Halloween Pumpkin Streusel Muffins

Halloween Pumpkin Gratin

Pumpkin & Ginger Risotto

Halloween Cake Pops

 

Yes, we know the Halloween Pop Cakes don’t contain pumpkin, but they are too good to miss out!

Have fun!

 

#halloween

#pumpkin

 

 

 

Recipe of the Week | Choc ‘n’ Nut Chelsea Buns

Chocolate and Nut Chelsea Buns

Choc ‘n’ Nut Chelsea Buns

Neatly linking National Baking Week with National Nut Day, these delicious Choc’n’Nuts Chelsea Buns look impressive, yet they are quite easy to prepare and bake.

Bake them this weekend and share with your friends. They’ll love them!

Choc'n'Nuts Chelsea Buns

 

 

Recipe taken from the Dairy Diary 2018.

Dairy Diary 2018 now available

 

 

3 Treats for Halloween

This week found me rifling in drawers for scarves and gloves

That’s a sure fire sign that we’re fully ensconced in autumn. And with the glorious colours and brisk walks come the autumnal events (whether we want them or not!)

There’ll soon be knocks at the door and small ghoulish figures on the doorstep hoping for something scrumptious. Rather than buying a bumper stash of sweets for trick or treaters, why not offer something homemade instead?

I know I would much rather my three eat these Dairy Diary treats rather than additive-loaded sweeties any day

 

 Trick or Treat Popcorn

This is a cheeky Russian-roulette recipe, which is sure to amuse!

Treat or Treat Popcorn

  • Difficulty: easy
  • Print

Per portion: Calories 149
Fat 6g of which 1g is saturated
Suitable for vegetarians

Ingredients

  • Popcorn 200g (7oz)
  • Olive oil 4 tbsp
  • Salt pinch
  • Chilli powder 1 tsp
  • Golden caster sugar 1-2 tbsp

Instructions

  1. Cook two panfuls of popcorn one after the other: For the first batch place 100g (3½oz) of popcorn, 2 tablespoons of oil, salt and chilli powder into a pan and stir thoroughly. Cover pan with a tight-fitting lid and heat gently. Shake occasionally to prevent burning, and continue heating until popping subsides.
  2. Remove from heat and leave to stand until no more popping can be heard. Stir thoroughly, taste and add a little more chilli powder if necessary.
  3. Repeat with remaining popcorn (without salt or chilli) but add sugar at the end of the cooking time when leaving pan to stand. Leave to cool slightly before popping into bowls and serving to your trick or treaters!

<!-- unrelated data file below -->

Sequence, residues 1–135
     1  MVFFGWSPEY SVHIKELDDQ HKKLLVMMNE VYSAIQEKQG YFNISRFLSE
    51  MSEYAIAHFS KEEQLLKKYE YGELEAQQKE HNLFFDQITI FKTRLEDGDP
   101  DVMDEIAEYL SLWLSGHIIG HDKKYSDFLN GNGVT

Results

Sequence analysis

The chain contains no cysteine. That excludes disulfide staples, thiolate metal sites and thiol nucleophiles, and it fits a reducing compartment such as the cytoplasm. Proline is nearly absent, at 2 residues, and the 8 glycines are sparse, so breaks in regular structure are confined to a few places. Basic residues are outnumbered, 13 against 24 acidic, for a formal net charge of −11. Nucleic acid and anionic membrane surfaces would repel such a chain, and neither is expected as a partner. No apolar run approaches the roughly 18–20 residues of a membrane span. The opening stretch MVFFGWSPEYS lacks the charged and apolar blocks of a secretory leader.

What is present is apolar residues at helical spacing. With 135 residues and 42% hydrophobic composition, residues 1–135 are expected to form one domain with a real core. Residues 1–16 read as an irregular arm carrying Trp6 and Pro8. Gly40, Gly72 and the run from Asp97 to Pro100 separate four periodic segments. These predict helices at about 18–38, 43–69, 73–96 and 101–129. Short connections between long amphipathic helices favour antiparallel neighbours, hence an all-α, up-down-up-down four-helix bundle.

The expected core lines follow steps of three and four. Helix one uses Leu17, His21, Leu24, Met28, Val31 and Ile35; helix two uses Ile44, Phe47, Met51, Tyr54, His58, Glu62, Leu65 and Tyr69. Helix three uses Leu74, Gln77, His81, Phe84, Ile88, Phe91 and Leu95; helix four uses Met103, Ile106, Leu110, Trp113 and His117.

Toffee Apples from Dairy Diary 2016

And traditional toffee apples.

Trick or Treat Toffee Apples

  • Difficulty: easy
  • Print

Calories 195 per portion
Fat 2g (2g sat) per portion
Suitable for vegetarians

Ingredients

  • Apples 6 small
  • Granulated sugar 250g (9oz)
  • Golden syrup 2 tbsp
  • White wine vinegar 1 tbsp
  • Butter 25g (1oz)
  • Wooden lollipop sticks 6

Instructions

  1. Press a wooden stick into the stalk end of each apple.
  2. Pour 125ml (4fl oz) water into a saucepan and add sugar, golden syrup and vinegar. Stir over a low heat until sugar dissolves. Increase heat and boil rapidly for 10 minutes until a little of the mixture separates into hard brittle threads when dropped into a cup of cold water.
  3. Remove from heat and stir in butter. Stand pan in cold water to prevent it cooking further.
  4. Dip each apple into syrup and stand on a piece of baking paper. Reheat toffee gently if it becomes too sticky. Dip apples again, if desired.
  5. Eat immediately or wrap in cellophane.

 

All Soul Cakes

These biscuits were traditionally baked on All Souls’ Day or All Hallows’ Eve to commemorate the dead.

All Souls’ Day Cakes

  • Difficulty: easy
  • Print

Calories 180 per portion
Fat 7g (4g sat) per portion
Suitable for vegetarians
Suitable for freezing

Ingredients

  • Butter 175g (6oz)
  • Caster sugar 175g (6oz)
  • Eggs 3, beaten
  • Plain flour 475g (1lb 1oz), sifted
  • Mixed spice 2 tsp
  • Currants 110g (4oz)
  • Demerara sugar 2 tbsp

Instructions

  1. Preheat oven to 180°C/160°fan/Gas 4. Cream butter and caster sugar together until fluffy, then gradually beat in 2 eggs, each with a spoonful of the flour.
  2. Fold flour, spice and currants into mixture. Mix to make a soft but not sticky dough.
  3. Roll out to about 8mm (¼in) thick and use a 7cm (2¾in) diameter cutter to stamp out rounds. Mark the top of each with a cross then brush with egg and sprinkle with demerara sugar. Place on baking trays and bake for 10-15 minutes until pale gold.
  4. Transfer to a cooling rack. When cold, store cakes in an airtight container.

 

Dairy Diary 2018 now available

 

#halloween

#tripletested

Competition | Win a Touchscreen Air Fryer

Win a Lakeland Air Fryer

Win a Lakeland Touchscreen Air Fryer

Enjoy healthier ‘frying’ with just a teaspoon of oil

Dairy Diary is giving you the chance to win this Lakeland Air Fryer. It cooks with little or no oil, so you can enjoy lighter versions of all your favourite foods without sacrificing the flavour.

Using just one teaspoon of oil to cook up to 500g of chips, it circulates hot air from all directions to cook food evenly for much lighter, perfectly ‘fried’ chips, meat, fish, poultry and seafood.
ENTER
#competition
#win

Celebrate National Baking Week

Chocolate and Nut Chelsea Buns

Celebrate National Baking Week with these delicious Choc ‘n’ Nut Chelsea Buns

Choc ‘n’ Nut Chelsea Buns

  • Servings: 12
  • Difficulty: easy
  • Print

Calories 342 per portion
Fat 27g (16g sat) per portion
Suitable for vegetarians
Suitable for freezing

Ingredients

  • Strong plain flour 350g (12oz)
  • Caster sugar 50g (2oz)
  • Salt 1 tsp
  • Fast-action dried yeast 7g sachet
  • Butter 50g (2oz), melted
  • Egg 1, beaten
  • Milk 150ml (¼ pint), lukewarm
  • Nutella 200g jar
  • Roasted chopped hazelnuts 75g (3oz)
  • Plain chocolate chips 100g (3½oz)
  • Icing sugar for dusting

Instructions

  1. In a mixing bowl stir together flour, sugar, salt and yeast. Mix together butter, egg and milk in a jug then pour into the bowl and mix together to form a dough. On a floured surface knead the dough for 5-10 minutes then roll out to a rectangle 25 x 35cm (10 x 14in).
  2. Spread Nutella onto dough leaving one long edge clear. Sprinkle with half the nuts and chocolate chips. Roll up towards clear edge and press well to join.
  3. Slice dough into 12 and place in a buttered 18 x 28cm  (7 x 11in) traybake tin in three rows of four. Cover loosely with oiled cling film and leave in a warm place until doubled in size.
  4. Preheat oven to 200°C/180°fan/Gas 6. Bake for 20-30 minutes until firm. Transfer to a rack, scatter with chocolate chips, nuts and icing sugar.

Recipe taken from the Dairy Diary 2018.

Dairy Diary 2018 now available